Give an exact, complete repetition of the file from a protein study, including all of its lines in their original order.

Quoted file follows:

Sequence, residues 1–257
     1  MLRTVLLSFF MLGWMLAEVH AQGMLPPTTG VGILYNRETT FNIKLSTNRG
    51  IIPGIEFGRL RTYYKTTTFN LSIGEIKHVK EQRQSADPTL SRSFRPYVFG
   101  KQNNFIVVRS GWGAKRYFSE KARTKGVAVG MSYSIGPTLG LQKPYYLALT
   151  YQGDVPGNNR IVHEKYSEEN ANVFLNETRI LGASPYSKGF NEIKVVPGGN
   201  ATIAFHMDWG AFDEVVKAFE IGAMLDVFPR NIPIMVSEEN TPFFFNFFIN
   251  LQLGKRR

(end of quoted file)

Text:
Sequence, residues 1–257
     1  MLRTVLLSFF MLGWMLAEVH AQGMLPPTTG VGILYNRETT FNIKLSTNRG
    51  IIPGIEFGRL RTYYKTTTFN LSIGEIKHVK EQRQSADPTL SRSFRPYVFG
   101  KQNNFIVVRS GWGAKRYFSE KARTKGVAVG MSYSIGPTLG LQKPYYLALT
   151  YQGDVPGNNR IVHEKYSEEN ANVFLNETRI LGASPYSKGF NEIKVVPGGN
   201  ATIAFHMDWG AFDEVVKAFE IGAMLDVFPR NIPIMVSEEN TPFFFNFFIN
   251  LQLGKRR